Turkey seems to be turning its attentions to the more remote regions of the globe, where cultural and ethnic connections run deep.
Much has been made of Turkey's pretensions of being a regional, if not global,
power. Given the Islamist roots of Turkey's ruling Justice and Development (AK)
party, some are justifiably uneasy about the specter of Turkish power, and
deride the AK's aspirations as a function of "neo-Ottoman" impulses.
The country's attempt at EU membership foiled for the foreseeable future, Turkey is looking eastward, forging new relationships with erstwhile foes like Iran and Syria. Meanwhile, Turkish Prime Minister Recep Tayyip Erdogan's increasingly wild, anti-Israel rhetoric (telling Israeli President Shimon Peres last year at Davos that "When it comes to killing, you know very well how to kill") has not endeared him to United States policymakers, who have long viewed the Jewish state as America's sole, reliable ally in a tough neighborhood.
Yet Turkey has many boosters in the United States, who urge that Washington should welcome a rising Turkey, which they say could serve as a perfect mediator between West and East given its status as one of the world's largest Muslim democracies and its geographic location as the bridge linking Europe to the Arab world. This is the thrust of former "New York Times" correspondent Stephen Kinzer's new book, "Reset: Iran, Turkey, And America's Future," which calls upon the United States to downgrade its traditional alliances with Israel and Saudi Arabia in favor of ones with Iran and Turkey.
Kinzer's prescription is as rosy as it is unrealistic, given the militantly anti-American and theocratic ideology of the Iranian mullahs and the illiberal values expressed by large sectors of Turkish society, rejecting the country's officially secular character. And much of Turkey's foreign policy under the AK party has indeed been harmful to U.S. interests. Witness, for instance, its repeated efforts to weaken international sanctions against Iran's burgeoning nuclear program, or its attempt earlier this year to veto the appointment of former Danish Prime Minister Anders Fogh Rasmussen as NATO secretary-general over his refusal to apologize for a Dutch cartoonist's images of the Prophet Muhammad.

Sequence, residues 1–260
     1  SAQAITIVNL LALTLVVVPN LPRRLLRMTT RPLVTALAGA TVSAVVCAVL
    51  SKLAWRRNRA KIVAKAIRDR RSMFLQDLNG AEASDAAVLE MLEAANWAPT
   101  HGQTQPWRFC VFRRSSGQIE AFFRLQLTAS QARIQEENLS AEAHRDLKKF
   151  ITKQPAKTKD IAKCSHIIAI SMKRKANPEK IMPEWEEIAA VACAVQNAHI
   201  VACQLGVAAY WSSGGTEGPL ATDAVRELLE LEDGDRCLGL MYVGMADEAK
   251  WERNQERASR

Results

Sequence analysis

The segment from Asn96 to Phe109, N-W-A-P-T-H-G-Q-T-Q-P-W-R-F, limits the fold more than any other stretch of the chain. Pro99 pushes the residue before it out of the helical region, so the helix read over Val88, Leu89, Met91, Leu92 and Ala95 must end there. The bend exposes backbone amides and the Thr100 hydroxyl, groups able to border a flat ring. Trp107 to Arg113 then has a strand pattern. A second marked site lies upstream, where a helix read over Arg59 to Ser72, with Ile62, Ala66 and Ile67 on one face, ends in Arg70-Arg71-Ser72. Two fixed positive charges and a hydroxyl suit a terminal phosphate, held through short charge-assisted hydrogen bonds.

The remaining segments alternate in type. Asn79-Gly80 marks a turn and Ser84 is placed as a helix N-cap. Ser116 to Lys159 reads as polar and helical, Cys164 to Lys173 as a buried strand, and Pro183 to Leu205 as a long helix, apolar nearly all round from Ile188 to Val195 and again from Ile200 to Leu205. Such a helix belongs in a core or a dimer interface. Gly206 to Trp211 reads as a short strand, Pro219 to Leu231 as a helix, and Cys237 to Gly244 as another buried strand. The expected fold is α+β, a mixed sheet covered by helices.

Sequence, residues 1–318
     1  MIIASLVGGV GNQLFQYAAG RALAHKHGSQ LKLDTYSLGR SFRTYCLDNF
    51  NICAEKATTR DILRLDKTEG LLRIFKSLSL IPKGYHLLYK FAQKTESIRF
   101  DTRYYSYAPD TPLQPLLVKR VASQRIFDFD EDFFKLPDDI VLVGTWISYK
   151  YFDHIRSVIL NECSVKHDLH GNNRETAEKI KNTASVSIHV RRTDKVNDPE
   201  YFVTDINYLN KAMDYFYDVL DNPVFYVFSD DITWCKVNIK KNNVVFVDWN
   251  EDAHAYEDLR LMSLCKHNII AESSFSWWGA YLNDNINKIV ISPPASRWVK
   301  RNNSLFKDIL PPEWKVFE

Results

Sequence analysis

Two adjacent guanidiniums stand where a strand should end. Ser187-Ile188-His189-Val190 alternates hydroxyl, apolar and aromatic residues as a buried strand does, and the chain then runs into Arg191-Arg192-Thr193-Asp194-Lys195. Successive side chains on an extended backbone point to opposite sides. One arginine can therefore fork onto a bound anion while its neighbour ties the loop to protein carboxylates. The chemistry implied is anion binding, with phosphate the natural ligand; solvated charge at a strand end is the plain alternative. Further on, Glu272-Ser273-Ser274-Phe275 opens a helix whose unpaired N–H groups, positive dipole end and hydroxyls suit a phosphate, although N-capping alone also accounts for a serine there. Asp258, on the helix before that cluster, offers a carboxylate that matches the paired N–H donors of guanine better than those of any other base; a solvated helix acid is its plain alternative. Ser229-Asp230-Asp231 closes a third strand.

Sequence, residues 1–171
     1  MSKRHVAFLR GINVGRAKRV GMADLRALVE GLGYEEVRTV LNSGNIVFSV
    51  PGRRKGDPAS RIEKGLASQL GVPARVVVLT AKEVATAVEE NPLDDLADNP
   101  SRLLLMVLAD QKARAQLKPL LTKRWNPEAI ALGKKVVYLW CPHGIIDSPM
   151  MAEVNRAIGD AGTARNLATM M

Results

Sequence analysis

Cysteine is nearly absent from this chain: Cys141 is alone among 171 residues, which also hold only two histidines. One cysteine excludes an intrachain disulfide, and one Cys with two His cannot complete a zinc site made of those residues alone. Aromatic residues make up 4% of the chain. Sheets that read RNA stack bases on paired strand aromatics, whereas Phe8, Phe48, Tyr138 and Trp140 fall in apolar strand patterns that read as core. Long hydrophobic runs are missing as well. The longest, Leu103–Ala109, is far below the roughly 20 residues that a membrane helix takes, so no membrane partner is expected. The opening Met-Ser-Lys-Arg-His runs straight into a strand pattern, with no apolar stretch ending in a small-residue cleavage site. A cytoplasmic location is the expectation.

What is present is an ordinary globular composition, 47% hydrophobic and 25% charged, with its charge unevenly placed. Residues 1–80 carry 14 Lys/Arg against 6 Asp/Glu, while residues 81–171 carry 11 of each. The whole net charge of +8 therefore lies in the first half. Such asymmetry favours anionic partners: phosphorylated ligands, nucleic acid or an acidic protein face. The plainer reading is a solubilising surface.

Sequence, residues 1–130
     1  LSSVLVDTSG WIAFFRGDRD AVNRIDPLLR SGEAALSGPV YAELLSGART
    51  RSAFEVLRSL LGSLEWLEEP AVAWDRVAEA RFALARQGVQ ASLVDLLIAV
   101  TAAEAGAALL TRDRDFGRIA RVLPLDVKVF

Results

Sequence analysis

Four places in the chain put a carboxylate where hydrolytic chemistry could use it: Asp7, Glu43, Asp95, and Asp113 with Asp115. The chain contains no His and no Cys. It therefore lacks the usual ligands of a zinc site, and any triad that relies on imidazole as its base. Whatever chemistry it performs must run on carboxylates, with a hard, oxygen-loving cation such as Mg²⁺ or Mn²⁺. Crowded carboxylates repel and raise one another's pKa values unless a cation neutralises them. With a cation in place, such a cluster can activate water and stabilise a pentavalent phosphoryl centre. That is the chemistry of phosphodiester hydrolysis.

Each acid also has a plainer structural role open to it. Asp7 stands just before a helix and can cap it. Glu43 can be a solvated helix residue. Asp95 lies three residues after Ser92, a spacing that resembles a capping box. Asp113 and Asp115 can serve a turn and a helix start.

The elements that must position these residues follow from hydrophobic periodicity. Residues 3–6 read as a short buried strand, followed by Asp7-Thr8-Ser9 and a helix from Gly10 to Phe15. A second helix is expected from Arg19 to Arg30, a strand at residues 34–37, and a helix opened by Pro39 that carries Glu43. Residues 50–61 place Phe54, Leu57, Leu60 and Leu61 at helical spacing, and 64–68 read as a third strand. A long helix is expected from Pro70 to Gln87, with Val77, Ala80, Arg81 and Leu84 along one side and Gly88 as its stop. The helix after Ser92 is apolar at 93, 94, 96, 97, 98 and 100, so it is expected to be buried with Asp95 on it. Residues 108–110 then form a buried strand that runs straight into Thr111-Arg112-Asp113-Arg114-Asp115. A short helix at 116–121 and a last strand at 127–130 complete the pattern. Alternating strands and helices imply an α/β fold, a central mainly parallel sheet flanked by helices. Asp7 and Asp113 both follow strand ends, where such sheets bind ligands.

The near-severing of its relationship with Israel, once considered the ne plus ultra of Muslim-Jewish diplomatic cooperation, while warming up to the likes of Syria and Iran, is also a sign that its foreign policy is moving in a troubling direction (last week, a policy paper produced by the country's National Security Council removed Syria, Armenia, and Iran from the list of nations that pose a threat, while adding Israel).
None of this is to say that Turkey cannot play a constructive role in world affairs, and that the United States should not welcome its rise as a cultural and economic power. It's just that Turkey should turn its attentions elsewhere, to the more remote regions of the globe where it boasts cultural and ethnic links. And it seems to be doing just that.
Turkey's Role As Reconciler
Take a look at the event it quietly hosted last month in Kyrgyzstan, which was the scene of a revolution and ethnically driven rioting over the past year. On the shores of Lake Issy-Kul, Turkey convened a "Conference On Interaction And Confidence-Building Measures In Asia," which brought together leaders of the Kyrgyz and Uzbek ethnic communities, the latter of which bore the brunt of violence in June that led to the deaths of hundreds and the displacement of 400,000. Presided over by Turkish Foreign Minister Ahmut Davutoglu, the conference also included participation from Kyrgyzstan's political leadership.